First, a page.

Pest management in orchards

European earwig

European earwig has a very broad host range, feeding on a variety of horticultural and broadacre crops.
Earwigs can be particularly damaging in stone fruit crops including cherries where they feed on stems and fruit. In apples, earwigs do not generally attack the crop, and are considered an important beneficial insect.

Pest identification
Adult European earwigs are dark brown with yellow-brown legs and shoulders.
They are 12–24 mm long and have thin, segmented antennae with a pair of pincers at the rear of the body.
European earwig males have longer curved pincers and females have straight pincers.
European earwigs will feed on foliage, leaving irregularly shaped holes.
In fruit trees, most economic loss occurs from the earwigs feeding on the fruit causing shallow depressions that can be the perfect host for brown rot.
In cherries, significant damage can occur when earwigs feed on the stems of developing fruitlets.
Monitoring
Monitoring for European earwigs can include physically inspecting the fruit and leaves as well as trapping.
When inspecting fruit, look closely among fruit clusters as the adult earwigs will use these areas as shelter, particularly during daylight hours.
Earwig activity can also be monitored by placing sections of rolled corrugated cardboard in the tree canopy and checking once or twice a week for the pest.
Adult earwigs will use the cardboard rolls as shelter, making them easy to find. Observations of pest activity by monitoring can help with the timing for spraying and/or baiting programs.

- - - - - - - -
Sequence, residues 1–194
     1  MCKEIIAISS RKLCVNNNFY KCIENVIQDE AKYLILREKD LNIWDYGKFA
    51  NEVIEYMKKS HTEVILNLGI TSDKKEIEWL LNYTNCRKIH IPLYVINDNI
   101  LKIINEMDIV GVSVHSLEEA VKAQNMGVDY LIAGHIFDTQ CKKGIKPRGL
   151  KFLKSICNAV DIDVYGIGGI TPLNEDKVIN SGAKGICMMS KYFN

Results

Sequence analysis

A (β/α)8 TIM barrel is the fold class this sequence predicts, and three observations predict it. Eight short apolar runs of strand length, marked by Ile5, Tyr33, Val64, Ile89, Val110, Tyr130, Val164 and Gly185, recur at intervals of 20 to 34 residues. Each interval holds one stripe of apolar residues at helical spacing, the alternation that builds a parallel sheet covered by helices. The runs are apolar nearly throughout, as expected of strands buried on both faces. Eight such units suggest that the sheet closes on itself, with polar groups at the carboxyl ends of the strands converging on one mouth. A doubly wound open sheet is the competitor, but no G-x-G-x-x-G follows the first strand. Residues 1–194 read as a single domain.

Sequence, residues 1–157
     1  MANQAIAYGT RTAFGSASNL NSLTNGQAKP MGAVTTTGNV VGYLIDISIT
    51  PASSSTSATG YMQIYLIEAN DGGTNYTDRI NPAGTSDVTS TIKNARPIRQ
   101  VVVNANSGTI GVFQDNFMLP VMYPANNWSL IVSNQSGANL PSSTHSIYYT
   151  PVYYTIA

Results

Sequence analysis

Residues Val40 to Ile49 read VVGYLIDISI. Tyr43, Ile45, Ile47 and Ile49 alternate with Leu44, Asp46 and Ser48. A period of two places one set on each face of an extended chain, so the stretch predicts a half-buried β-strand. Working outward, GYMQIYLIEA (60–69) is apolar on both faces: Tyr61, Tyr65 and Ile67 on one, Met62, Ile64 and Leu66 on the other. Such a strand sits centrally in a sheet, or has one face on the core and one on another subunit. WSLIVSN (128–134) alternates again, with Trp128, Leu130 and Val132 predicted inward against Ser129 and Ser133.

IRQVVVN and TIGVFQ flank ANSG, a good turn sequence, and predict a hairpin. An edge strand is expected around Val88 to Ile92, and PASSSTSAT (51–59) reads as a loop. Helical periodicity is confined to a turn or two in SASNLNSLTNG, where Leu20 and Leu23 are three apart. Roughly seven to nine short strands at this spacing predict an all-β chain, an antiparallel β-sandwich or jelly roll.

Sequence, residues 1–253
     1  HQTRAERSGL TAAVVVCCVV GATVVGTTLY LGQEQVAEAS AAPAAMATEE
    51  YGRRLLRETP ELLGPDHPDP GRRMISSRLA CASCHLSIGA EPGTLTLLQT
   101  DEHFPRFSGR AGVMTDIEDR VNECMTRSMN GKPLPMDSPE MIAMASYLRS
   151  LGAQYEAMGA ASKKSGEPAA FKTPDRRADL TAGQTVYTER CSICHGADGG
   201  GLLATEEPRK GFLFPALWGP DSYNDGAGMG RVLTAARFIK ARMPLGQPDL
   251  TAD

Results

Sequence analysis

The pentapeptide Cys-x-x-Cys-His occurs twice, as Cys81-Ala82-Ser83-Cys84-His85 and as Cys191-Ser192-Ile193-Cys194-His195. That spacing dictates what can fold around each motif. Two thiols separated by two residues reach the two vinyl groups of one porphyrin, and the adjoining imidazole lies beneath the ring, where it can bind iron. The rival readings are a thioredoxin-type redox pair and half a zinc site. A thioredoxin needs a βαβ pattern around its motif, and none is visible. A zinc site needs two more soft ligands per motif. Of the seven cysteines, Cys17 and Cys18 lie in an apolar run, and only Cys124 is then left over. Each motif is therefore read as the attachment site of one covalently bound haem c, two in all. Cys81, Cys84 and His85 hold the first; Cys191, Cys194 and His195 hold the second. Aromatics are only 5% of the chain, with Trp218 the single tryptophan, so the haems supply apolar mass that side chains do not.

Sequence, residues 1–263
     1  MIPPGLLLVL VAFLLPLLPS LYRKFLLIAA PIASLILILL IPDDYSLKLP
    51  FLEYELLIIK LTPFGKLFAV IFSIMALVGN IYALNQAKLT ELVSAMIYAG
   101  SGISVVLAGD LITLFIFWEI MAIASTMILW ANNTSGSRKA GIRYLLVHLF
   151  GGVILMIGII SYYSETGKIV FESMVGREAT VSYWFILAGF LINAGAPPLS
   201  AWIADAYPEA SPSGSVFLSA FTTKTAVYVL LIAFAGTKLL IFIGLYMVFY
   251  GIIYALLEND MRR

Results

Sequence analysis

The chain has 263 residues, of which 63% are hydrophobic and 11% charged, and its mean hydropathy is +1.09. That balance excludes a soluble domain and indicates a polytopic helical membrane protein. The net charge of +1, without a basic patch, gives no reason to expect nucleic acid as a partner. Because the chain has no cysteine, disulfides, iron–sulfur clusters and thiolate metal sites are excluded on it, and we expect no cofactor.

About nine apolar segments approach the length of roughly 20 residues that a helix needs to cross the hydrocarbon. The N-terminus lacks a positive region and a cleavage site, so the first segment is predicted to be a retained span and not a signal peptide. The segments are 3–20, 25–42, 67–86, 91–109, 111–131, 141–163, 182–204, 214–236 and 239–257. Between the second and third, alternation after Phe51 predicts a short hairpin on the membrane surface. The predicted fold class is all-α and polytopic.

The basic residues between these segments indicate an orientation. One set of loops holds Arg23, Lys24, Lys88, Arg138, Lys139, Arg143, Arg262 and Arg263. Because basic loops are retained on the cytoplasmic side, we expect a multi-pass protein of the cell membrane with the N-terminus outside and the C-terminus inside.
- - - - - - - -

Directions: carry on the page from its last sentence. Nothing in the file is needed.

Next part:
Management
Cultural and physical
Practicing good farm hygiene will prevent the introduction and spread of European earwig.
Generally, European earwig will seek shelter during the day within the tree canopy and among fruit clusters, so keeping canopies open and thinning fruit to singles where appropriate will help reduce the potential for fruit damage.
Removing pruned branches from around the base of trees will remove alternative nesting sites. Removing drooping branches that are touching the ground will prevent earwigs from accessing the trees.
Reducing the height of weeds in the inter-row will reduce shelter options for the earwigs.
Biological
Currently there are no known natural predators of the European earwig.
Some birds and lizards will feed on earwigs, but this is unlikely to significantly reduce populations.
In apple and pear orchards, European earwig is considered a beneficial insect because it predates on woolly apple aphids.

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See this article in Tree Fruit Jan 2022

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